The Celtic cross is a form of Christian cross featuring a nimbus or ring.
The nimbus or ringed shape was appended to the Christian cross and other symbols relatively early, being widespread in the Roman Empire by the late 4th century. In these contexts, it is apparently derived from the earlier Roman garland of victory, worn around the head by victors. The Celtic cross may be a variant of this that emerged in Ireland and Britain in the Early Middle Ages.
Popular legend in Ireland says that the Christian cross was introduced by Saint Patrick or possibly Saint Declan, though there are no examples from this early period. It has often been claimed that Patrick combined the symbol of Christianity with the sun cross to give pagan followers an idea of the importance of the cross. By linking it with the idea of the life-giving properties of the sun, these two ideas were linked to appeal to pagans. Other interpretations claim that placing the cross on top of the circle represents Christ's supremacy over the pagan sun.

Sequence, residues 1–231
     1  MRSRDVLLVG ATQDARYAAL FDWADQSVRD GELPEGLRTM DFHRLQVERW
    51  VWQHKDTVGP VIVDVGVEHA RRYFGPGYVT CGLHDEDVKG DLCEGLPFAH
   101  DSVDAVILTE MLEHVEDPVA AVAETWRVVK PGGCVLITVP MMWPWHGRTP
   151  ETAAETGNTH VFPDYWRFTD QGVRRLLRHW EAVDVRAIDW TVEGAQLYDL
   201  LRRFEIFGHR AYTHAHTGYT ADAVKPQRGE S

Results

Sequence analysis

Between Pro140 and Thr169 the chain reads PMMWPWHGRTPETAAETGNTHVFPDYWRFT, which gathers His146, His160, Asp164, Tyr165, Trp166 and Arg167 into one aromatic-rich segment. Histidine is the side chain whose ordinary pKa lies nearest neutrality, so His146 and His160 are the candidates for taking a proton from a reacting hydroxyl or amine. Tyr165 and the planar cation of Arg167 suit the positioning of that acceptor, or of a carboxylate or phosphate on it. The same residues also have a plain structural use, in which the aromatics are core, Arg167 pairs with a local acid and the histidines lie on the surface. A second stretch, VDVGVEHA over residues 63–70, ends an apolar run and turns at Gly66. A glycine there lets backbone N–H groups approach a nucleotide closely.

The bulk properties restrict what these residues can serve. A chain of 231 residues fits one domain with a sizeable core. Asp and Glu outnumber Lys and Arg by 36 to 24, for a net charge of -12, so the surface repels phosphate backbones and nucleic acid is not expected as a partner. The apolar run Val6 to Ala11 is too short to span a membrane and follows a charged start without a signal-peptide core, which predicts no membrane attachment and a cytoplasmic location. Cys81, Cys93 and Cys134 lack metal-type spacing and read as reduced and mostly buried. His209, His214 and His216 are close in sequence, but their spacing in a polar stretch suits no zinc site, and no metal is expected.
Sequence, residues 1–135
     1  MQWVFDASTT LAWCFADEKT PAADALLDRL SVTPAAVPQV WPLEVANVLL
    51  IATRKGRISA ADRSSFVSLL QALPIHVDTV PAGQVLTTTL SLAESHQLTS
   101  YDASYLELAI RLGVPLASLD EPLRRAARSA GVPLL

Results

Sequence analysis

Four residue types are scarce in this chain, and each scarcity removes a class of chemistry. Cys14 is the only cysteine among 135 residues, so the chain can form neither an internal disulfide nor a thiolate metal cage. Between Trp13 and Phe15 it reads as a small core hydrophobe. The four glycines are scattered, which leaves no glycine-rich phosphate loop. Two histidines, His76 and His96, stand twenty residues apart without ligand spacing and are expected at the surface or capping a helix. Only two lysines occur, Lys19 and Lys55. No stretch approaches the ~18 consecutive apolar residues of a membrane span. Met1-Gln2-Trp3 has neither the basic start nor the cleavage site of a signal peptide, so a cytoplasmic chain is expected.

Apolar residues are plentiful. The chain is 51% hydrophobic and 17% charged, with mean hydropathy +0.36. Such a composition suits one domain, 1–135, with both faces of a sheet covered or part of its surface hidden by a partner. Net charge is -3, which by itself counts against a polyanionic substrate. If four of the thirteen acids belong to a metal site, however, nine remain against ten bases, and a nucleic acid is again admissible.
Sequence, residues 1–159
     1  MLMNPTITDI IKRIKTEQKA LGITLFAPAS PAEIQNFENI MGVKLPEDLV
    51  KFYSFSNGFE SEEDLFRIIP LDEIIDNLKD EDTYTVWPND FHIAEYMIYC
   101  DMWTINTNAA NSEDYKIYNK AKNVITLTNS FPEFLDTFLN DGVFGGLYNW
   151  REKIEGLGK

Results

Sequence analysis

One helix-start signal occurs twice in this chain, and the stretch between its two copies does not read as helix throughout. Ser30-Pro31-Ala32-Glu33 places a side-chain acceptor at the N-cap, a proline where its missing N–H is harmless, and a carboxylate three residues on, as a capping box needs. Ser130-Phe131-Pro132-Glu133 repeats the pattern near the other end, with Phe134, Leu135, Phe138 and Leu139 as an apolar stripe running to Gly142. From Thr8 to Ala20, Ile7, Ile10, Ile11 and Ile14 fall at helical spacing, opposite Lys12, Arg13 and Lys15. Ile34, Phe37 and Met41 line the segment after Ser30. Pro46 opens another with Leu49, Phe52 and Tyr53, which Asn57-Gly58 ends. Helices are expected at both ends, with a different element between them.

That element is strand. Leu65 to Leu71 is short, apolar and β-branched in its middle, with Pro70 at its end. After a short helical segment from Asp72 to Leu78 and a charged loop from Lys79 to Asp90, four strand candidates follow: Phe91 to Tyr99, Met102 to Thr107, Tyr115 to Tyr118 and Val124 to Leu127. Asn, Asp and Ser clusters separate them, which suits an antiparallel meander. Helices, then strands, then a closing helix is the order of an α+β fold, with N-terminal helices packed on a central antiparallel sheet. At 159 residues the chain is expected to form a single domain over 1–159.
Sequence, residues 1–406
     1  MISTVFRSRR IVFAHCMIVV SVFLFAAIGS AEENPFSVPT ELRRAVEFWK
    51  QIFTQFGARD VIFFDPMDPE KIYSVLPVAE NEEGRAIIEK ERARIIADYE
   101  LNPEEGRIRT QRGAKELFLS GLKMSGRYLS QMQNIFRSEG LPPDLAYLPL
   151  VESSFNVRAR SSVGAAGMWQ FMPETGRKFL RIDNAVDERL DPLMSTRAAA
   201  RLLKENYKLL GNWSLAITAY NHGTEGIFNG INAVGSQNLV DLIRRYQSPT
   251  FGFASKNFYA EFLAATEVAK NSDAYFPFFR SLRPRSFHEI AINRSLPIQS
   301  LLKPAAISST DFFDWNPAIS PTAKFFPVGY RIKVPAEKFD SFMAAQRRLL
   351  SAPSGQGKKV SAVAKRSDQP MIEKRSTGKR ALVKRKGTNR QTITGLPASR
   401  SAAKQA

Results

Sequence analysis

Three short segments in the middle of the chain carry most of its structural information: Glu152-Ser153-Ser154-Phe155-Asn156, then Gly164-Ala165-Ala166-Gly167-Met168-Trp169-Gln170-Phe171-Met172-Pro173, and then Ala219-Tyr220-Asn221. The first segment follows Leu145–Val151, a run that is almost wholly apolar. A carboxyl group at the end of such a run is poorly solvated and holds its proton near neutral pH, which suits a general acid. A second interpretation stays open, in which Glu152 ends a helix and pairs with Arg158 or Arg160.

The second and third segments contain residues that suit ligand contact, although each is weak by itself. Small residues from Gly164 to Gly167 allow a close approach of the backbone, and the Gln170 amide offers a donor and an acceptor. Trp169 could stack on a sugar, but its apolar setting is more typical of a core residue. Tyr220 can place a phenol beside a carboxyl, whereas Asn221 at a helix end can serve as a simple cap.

The Celtic cross later became a common object in art, architecture, and merchandise during the Celtic Revival. It have since remained popular symbols of Ireland and Celtic identity. The Celtic cross has also been used by some nationalist groups stating a relationship with Celts.
The Celtic cross has also been used by some more general White nationalist groups, possibly due to it being interpreted as a sun cross (a similar but not identical symbol), although another possibility is that some of those using the sun cross may have been wrongly misinterpreted as using the Celtic cross.